I guess it doesn’t help that Tolkien doesn’t spend a lot of time on internal thought processes and conflicting motivations. Many of his characters don’t have arcs to speak of as they are more like folklore staples who fill a role. His key protagonists, namely Bilbo and Frodo, show the most growth, but even still, he doesn’t really tell stories in the modern sense of explaining how characters are thinking or feeling. It’s all expressed in action (or more often, very long monologues). Totally a choice of course, most novels prior to post-modern style do not focus on the inner self. But it makes trying to understand motivations difficult. What we know of Boromir is the superficial and we are then invited to accept that or explore ourselves based on other evidence. Which is what I meant by enjoying Tolkien in different ways. I personally think he’s a fantastic world builder and his primary plots, at least in the Hobbit and The Lord of the Rings, are compelling enough to lead through sometimes clunky narrative. Sometimes beautiful narrative, but I don’t feel his strengths lie in character or dialogue. He is a man who loves a good monologue. More tell than show. King of the infodump. Even if we don't see the battles take place or don't see the characters' inner workings, we are told the feel of them. What he does do with all of that is evoke a sense of grand, mythic folkloric characters, locations and battles. Which are the terms I have to read it by to enjoy it. But that is just me personally.
 
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Rachel Port

Active Member
You know, Rob, I wonder sometimes what the authors I read over and over again (and lately also join groups to discuss in more depth) they seem to have very little in common - Tolkien, Jane Austen, George Eliot, the Brontes (mostly Charlotte), Dorothy Sayers, Dickens, Trollope, Gaskell, some modern mystery writers like Elizabeth George or the Kellermans who do focus on character, and a few who just write nice cozies like Katherine Hall Page; Frances Hodgson Burnett, and some more I haven't been reading lately but will come back to, and children's books by Alcott and l'Engle and LM Montgomery. I was a psychotherapist for many years, so I look for character; I look for romance. But more than anything, their books are intelligent and the writing good - sometimes what prompts a reread is the memory of a phrase or sentence. I don't read a lot of fantasy or scifi. But I like a good story. And I like books that create world within their covers, whether that world is Middlemarch or Middle-earth. And sometimes for the memories of when I read them before. They are old friends.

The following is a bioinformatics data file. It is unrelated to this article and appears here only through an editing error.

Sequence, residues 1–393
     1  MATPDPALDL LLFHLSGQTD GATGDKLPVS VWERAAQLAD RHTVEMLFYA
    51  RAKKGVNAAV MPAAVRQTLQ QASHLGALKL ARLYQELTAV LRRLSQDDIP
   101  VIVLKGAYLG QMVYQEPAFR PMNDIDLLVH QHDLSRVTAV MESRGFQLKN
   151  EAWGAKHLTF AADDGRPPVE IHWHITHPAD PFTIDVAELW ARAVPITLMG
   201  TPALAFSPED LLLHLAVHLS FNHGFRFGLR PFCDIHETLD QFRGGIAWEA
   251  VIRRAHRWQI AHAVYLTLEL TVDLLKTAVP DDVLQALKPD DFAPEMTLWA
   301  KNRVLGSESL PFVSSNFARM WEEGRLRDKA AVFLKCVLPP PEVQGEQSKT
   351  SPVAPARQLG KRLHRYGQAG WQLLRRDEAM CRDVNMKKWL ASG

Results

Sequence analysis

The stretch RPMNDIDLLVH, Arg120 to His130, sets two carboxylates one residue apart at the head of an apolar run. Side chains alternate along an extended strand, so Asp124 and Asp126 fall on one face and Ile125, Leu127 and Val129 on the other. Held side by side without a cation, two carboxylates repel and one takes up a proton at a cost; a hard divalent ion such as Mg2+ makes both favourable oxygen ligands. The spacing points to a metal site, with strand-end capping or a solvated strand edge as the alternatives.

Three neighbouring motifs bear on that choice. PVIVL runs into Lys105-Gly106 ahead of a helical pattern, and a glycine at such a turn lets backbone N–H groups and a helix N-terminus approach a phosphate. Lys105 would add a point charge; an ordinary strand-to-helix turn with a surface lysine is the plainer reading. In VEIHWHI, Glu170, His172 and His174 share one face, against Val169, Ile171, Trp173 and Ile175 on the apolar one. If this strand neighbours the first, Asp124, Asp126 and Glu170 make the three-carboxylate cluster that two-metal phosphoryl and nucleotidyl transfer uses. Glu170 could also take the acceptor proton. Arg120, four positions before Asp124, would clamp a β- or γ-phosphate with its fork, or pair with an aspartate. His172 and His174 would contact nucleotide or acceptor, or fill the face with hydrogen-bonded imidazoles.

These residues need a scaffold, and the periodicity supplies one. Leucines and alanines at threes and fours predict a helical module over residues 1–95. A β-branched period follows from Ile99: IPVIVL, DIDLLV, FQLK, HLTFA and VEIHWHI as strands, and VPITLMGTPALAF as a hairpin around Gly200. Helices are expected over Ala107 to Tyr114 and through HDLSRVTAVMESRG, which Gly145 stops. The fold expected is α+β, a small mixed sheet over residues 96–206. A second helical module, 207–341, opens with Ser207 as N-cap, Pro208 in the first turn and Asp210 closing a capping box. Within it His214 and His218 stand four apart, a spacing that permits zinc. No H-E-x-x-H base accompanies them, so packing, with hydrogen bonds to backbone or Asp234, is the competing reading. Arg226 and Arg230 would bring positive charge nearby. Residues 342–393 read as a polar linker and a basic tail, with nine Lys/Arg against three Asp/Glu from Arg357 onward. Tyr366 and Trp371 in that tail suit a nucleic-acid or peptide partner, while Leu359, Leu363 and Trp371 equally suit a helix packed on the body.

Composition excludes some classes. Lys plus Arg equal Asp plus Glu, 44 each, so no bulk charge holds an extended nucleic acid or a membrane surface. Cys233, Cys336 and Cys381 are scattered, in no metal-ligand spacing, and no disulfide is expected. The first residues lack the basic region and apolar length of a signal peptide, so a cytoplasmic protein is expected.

Sometimes in these discussions I get lost and wonder if I ever read the book being discussed. I agree with you a lot of the time. I like my magic to be magical. I also must care about the characters - I care about Faramir and Eowyn, about Frodo and Sam, about Aragorn and Gimli. I care about the relationships between them. I am willing to take things on their own terms. But what makes great books great is that there is enough for all of us to find different things in them - things that are new for us, but also that are different from what other people find.
 

Rob Harding

Active Member
You know, Rob, I wonder sometimes what the authors I read over and over again (and lately also join groups to discuss in more depth) they seem to have very little in common - Tolkien, Jane Austen, George Eliot, the Brontes (mostly Charlotte), Dorothy Sayers, Dickens, Trollope, Gaskell, some modern mystery writers like Elizabeth George or the Kellermans who do focus on character, and a few who just write nice cozies like Katherine Hall Page; Frances Hodgson Burnett, and some more I haven't been reading lately but will come back to, and children's books by Alcott and l'Engle and LM Montgomery. I was a psychotherapist for many years, so I look for character; I look for romance. But more than anything, their books are intelligent and the writing good - sometimes what prompts a reread is the memory of a phrase or sentence. I don't read a lot of fantasy or scifi. But I like a good story. And I like books that create world within their covers, whether that world is Middlemarch or Middle-earth. And sometimes for the memories of when I read them before. They are old friends.

Sometimes in these discussions I get lost and wonder if I ever read the book being discussed. I agree with you a lot of the time. I like my magic to be magical. I also must care about the characters - I care about Faramir and Eowyn, about Frodo and Sam, about Aragorn and Gimli. I care about the relationships between them. I am willing to take things on their own terms. But what makes great books great is that there is enough for all of us to find different things in them - things that are new for us, but also that are different from what other people find.
Basically, this.

I do love that Tolkien has a richness to be enjoyed on many levels. I appreciate what Mythgard does in generating serious study. It always frustrates me studying English that ‘genre fiction’ is given do little credit, and even nowadays when you see ‘literary fiction’ be praised, particularly when it touches on themes and stories that ‘genre’ authors have repeatedly done in more interesting ways.

However, I wouldn’t say Tolkien is in my top five authors. I don’t really tend to quantify writers in that way but gut instinct, i find I’d turn to other authors first. And find I finish their books more easily. Not because they are ‘breezy’ (whatever that means) but they just buzz me in ways that chime with me more. I think the Hobbit is my favourite Tolkien story because it really has a lovely solid story structure to it. Characterisation wise though I generally think Jackson et al did things better most of the time.

That’s not to say I don’t enjoy Tolkien. And one of the things that keeps me coming back is the amazing way he captures the emotional weight of mysterious figures such as Sauron and the ring. He conveys power in a truly powerful way.

Anyway, that’s gotten off topic.